Raya and the Last Dragon
Directed by: Don Hall, Carlos Lopez Estrada, Paul Briggs, John Rippa
Written by: Qui Nguyen, Adele Lim
Starring: Kelly Marie Tran, Awkwafina, Izaac Wang, Gemma Chan, Daniel Dae Kim, Benedict Wong, Jona Xiao, Sandra Oh, Lucille Soong, Alan Tudyk
Last year, I explored the world of The Legend of Zelda: Breath of the Wild a second time. I often found myself awestruck by the land’s beauty. The green pastures, the sweltering deserts, and the cold mountains of Hyrule were all depicted in full majestic glory. But as my playthrough continued, it wasn’t uncommon to be struck by another emotion: melancholy. Beneath the gorgeous landscapes of the land, with its rolling hills and elegant ruins, a sense of loss lingered, for all of these places were empty. The lives which once inhabited these places were snuffed out by a terrible calamity one hundred years ago. When exploring Breath of the Wild, the apocalypse feels as if it already came. Instead of a bang or a whimper, the world ended with a heavy sigh.
Raya and the Last Dragon left me with those same sensations of awe and melancholy. From the opening shots, we see that Raya and the Last Dragon’s world of Kumandra is a place of breathtaking sights and colors. The world is so vibrant, in fact, that it creates a stark contrast to the lack of life within it. Like Hyrule, Kumandra and its people have been ravaged by a calamity that has ended life as its people knew it. The Druun, chaotic spirits born of humanity’s darkest emotions, have turned most humans of Kumandra into statues. The best hope humanity has is with the warrior princess Raya (Kelly Marie Tran). She travels the world searching for a way to awaken the powers of the dragon Sisu (Awkwafina), the last of her kind. To succeed, Raya herself must hone a skill that this war torn world has taught her to neglect: trust. “The world is broken,” Raya says to her dragon companion, “you can’t trust anyone.” Sisu then replies, “Maybe the world is broken because you don’t trust anyone.”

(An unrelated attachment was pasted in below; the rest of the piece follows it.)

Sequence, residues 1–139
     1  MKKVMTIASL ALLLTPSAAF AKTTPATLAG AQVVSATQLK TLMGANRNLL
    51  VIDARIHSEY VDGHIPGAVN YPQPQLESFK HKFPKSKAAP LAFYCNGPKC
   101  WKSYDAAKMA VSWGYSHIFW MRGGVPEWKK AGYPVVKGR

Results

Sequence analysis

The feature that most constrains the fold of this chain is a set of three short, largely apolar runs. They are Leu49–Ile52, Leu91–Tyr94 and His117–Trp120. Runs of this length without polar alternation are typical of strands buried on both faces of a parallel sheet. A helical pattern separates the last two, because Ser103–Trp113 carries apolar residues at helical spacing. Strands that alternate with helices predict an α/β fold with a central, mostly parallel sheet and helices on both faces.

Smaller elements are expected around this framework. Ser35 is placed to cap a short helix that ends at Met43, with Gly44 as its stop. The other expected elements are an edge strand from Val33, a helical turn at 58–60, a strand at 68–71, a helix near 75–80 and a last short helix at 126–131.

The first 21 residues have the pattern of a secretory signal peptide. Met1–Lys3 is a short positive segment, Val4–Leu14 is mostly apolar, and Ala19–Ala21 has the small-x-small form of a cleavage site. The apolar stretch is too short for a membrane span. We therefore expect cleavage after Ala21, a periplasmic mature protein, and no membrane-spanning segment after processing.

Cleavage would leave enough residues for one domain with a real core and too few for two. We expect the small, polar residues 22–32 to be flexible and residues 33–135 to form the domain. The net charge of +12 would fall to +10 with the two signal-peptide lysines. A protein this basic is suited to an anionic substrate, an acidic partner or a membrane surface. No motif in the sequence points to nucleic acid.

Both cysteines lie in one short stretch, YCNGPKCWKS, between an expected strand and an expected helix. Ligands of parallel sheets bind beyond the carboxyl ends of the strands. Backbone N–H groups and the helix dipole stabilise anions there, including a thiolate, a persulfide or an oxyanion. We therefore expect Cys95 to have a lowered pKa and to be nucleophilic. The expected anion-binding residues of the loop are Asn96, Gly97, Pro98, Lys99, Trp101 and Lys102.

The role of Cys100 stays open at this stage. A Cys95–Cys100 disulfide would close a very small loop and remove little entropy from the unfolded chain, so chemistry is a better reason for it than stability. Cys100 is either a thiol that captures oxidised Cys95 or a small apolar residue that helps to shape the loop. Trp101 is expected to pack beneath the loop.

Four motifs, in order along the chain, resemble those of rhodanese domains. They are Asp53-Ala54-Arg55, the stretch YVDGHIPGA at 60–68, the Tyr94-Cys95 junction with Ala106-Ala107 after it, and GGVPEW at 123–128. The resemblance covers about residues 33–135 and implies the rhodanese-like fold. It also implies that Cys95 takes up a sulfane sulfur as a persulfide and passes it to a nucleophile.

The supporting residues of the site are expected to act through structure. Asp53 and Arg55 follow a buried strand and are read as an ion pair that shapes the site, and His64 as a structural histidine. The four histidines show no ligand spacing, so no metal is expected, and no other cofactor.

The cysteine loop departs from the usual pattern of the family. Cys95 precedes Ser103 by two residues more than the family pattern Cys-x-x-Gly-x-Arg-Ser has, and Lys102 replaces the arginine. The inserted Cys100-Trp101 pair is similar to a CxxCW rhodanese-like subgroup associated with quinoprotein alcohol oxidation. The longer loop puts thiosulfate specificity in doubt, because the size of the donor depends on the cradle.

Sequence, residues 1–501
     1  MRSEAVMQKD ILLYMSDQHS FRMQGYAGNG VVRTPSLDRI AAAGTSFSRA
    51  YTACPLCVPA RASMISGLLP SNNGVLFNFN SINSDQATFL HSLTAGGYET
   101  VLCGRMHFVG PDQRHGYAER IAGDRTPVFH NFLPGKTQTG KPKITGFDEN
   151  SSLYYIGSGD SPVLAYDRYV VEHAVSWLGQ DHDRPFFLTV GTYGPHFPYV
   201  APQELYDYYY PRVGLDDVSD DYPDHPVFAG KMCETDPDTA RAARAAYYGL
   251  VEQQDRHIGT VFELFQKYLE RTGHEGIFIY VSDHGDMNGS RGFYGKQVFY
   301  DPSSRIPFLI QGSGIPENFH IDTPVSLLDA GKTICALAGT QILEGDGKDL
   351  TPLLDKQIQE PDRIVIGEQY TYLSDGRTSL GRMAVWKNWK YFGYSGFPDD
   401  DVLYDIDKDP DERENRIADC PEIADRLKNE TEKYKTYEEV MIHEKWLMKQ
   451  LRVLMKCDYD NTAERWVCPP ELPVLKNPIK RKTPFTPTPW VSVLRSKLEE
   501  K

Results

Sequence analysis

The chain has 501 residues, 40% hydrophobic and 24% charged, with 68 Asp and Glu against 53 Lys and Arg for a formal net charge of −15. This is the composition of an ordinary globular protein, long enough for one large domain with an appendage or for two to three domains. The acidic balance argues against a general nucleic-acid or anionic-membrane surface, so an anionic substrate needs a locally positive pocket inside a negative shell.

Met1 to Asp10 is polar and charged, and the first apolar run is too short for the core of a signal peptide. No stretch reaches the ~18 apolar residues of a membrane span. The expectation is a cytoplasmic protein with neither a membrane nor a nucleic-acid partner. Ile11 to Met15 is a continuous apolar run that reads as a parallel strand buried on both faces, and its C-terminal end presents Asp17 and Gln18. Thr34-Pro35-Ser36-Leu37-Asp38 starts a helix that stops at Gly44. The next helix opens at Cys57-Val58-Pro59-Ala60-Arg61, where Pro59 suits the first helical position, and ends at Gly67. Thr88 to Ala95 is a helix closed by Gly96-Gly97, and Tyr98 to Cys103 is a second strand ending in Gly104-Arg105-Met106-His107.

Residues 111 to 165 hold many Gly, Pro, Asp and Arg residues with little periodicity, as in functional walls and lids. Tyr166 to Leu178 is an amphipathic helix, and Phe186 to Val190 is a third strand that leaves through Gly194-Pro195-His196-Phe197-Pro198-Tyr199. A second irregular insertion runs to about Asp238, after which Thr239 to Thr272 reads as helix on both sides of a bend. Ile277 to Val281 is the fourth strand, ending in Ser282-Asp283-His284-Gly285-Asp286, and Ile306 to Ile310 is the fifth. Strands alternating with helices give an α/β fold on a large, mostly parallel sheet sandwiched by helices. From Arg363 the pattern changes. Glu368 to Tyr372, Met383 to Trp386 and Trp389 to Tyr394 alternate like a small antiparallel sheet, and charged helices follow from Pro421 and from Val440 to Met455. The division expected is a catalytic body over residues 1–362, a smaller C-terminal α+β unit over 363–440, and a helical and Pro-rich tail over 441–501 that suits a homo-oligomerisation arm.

What a moral for these times! Trust is something that has been in all too short supply in contemporary life. We’re often encouraged to approach things with a critical eye, an approach that has left many of us hardened and cynical. It’s a viewpoint that’s often encouraged by the media we consume, Disney included. Often, trust is something that’s only used by cunning villains to take advantage of naive heroes. But in Raya and the Last Dragon, an overreliance on cynicism is its own kind of naivete. True wisdom, the film posits, can only come from deep, fundamental trust in one another.
That’s not to say trust should come freely. After all, it takes a continent-wide trek with a talking dragon for Raya to trust others. But if Raya can find trust in a world that’s breathing its last, then it maybe isn’t quite so hard for the rest of us.